Keyboards after all, are peripherals partially modeled after those good old typewriters – yes, what a surprise! As time goes on more and more of them try on designs that distance their images from those of their “predecessors” – they have become more slick, more futuristic, more minimalistic than ever to bait Apple fans into buying (I kid, I kid).
To counter that, some companies decided that they should produce products for the customers who turned the other cheeks, because they seemed so pitiful not owning the latest trendy things on the electronics market and not to mention the potential for marketing was quite large. So how does one counter the trend of smartphone-like keyboards? You go retro the hell out of it. Came Datamancer with their fantastic steampunk custom designs.
For daydreamers, Jules Verne fans, steamy airs and bronze composite apparatuses lovers everywhere this is one article to read, because it sounds romantic as hell to work on a typewriter (but not really) to produce that 5 stars novel or autobiographical book that you’ve promised your 15 years old cosplaying self to finish but instead got put off – as soon as a draft was defined – by the idealistic keyboards of conformity and cliches.
Tighten your goggles’ leather strings as I present to you a list of 5 Steampunk-styled keyboards from the famous steampunk-styled electronic products manufacturer Datamancer, ones that will spark the long dead fires in your anachronistic, clockwork heart that looks forward more to lunches than getting up in the morning for breakfasts. For happier Mondays!
They are all VERY EXPENSIVE, though, with the least expensive one at least $500. Just a warning before you inevitably buy it anyway amidst the cries of your wives and kids.
Based on Amazon’s tracking mechanism, no pun intended, here I delivered to you a list of most wanted… computer trackball mice in the entire universe. According to Amazon users’ POV of the universe, at least.
‘Most wanted’ products do not necessarily mean the best selling ones. This is the case because of the variations of intents of the buyers, some like them cheap, some like them quaint looking, some just let the winds blow them through their credit cards… The take from this is: never trust the hype. Ironic coming from a hype man, I know.
On Amazon’s Most Wished For lists, which this article is based on, the items are compiled via a very simple formula: products that are the most often added to Wishlists and Registries daily. This can sometimes even include great new products on the market that are pre-ordered like crazy from fans slash customers, for example Apple products or in the ergonomic categories, a Herman Miller. This creates a very unique look on the situation of the market itself, through this one can estimate the level of interest for each product and how the tables are turning everyday. The same applies for trackballs.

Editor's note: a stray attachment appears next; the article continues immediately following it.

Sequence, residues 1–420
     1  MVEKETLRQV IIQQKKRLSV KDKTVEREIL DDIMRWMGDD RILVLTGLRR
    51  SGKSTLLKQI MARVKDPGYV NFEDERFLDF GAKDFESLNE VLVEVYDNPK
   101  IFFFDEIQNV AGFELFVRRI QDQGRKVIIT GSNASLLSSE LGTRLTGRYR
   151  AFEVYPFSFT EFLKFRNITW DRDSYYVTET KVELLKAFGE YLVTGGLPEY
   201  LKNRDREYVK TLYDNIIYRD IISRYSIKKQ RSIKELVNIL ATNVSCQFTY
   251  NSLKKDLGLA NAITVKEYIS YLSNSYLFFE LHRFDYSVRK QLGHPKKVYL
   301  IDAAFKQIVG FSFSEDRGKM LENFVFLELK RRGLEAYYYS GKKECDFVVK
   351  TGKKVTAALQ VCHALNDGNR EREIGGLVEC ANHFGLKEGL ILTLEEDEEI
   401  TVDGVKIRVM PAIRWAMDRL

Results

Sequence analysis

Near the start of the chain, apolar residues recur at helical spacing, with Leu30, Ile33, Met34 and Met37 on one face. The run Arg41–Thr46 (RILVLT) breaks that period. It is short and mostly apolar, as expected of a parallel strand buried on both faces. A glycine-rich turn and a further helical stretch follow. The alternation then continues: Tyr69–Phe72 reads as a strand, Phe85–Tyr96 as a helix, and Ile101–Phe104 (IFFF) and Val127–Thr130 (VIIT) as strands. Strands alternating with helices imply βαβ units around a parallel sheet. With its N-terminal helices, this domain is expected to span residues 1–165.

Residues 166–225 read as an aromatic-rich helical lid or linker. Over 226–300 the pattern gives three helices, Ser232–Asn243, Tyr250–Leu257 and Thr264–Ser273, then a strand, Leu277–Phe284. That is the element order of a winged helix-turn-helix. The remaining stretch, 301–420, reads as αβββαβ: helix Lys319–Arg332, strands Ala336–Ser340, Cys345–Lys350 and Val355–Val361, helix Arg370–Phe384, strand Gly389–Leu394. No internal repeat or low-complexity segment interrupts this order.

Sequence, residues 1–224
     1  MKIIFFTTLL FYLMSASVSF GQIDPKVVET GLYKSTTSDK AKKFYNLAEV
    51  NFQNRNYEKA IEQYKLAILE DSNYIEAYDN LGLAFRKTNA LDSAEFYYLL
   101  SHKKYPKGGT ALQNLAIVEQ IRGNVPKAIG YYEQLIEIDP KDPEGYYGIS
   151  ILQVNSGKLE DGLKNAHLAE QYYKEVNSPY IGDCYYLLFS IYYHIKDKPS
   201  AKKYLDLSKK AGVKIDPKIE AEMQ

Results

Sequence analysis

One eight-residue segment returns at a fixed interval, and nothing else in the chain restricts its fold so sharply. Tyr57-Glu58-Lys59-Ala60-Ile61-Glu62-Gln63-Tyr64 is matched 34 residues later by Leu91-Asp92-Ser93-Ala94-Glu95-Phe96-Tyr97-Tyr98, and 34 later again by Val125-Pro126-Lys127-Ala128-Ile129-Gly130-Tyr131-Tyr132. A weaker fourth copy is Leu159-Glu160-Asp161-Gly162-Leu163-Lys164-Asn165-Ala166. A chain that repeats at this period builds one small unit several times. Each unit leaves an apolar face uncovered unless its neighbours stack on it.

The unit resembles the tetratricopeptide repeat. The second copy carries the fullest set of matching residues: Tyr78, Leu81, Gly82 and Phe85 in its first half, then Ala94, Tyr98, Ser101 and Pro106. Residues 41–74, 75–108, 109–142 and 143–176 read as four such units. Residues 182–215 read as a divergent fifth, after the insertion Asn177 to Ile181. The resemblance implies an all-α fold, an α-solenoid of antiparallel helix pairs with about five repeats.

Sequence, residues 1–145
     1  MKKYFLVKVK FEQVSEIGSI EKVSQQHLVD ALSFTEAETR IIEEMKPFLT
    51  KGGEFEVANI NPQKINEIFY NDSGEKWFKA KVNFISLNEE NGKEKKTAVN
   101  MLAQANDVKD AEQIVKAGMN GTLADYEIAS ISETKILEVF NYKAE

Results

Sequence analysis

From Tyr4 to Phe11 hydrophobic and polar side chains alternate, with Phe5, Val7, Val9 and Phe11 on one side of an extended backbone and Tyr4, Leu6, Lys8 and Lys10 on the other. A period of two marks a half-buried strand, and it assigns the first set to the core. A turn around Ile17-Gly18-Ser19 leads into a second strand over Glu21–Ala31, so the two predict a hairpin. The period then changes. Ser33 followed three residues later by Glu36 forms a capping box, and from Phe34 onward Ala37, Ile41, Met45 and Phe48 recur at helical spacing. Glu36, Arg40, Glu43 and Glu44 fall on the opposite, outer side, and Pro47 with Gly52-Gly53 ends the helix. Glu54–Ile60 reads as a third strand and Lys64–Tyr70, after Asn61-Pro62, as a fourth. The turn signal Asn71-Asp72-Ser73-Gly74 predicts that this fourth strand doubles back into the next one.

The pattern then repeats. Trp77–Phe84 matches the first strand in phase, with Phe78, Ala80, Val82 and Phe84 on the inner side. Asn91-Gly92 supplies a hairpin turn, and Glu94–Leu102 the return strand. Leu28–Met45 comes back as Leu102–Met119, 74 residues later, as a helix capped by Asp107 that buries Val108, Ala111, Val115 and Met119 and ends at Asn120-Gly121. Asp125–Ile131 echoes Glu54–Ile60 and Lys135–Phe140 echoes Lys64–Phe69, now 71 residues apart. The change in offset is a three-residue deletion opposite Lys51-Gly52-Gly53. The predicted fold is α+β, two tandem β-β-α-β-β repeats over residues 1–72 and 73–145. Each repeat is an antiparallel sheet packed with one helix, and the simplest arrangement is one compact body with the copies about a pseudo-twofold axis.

You’ve all heard about ergonomic chairs, ergonomic keyboards, ergonomic mice, ergonomic peripherals – the word ergonomic itself has become somewhat a gimmick, to imply that certain tools, or to be more precise, certain office tools (which is where most of the ergonomic-[insert product] market focuses on these days) are to be placed on a whole separate category compared to their counterparts. However that isn’t always the case. Ergonomics is actually everywhere in our day-to-day life, most of us have just accepted that norm and hidden the word itself. In this article I will explain the misconceptions about ergonomics as well as the history behind it.
In my previous article I’ve mentioned plenty about it, but in the off chance that my article has not gone viral and reached your eyes, I will re-introduce the definition again.
Ergonomics comes from two Greek words ERGOS (work) and NOMOS (natural law). Loosely translated, it means the rules of work. Essentially, it is the science of integrating efficiency, comfort and safety to create a better workspace – designing the job to fit the worker, rather than forcing the worker to fit the job, which would ruin work efficiency as well as risk overspending for training and insurance covers. It emphasis the physical relationship between people and tools, ensure the proper use of computer and alleviate injuries – however that’s not the end all be all as most people like to think. Ergonomic principles can be applied to any task that puts your body to work, from doing your household chores to the daily routines of your job, and parts in relation to computers are just extensions.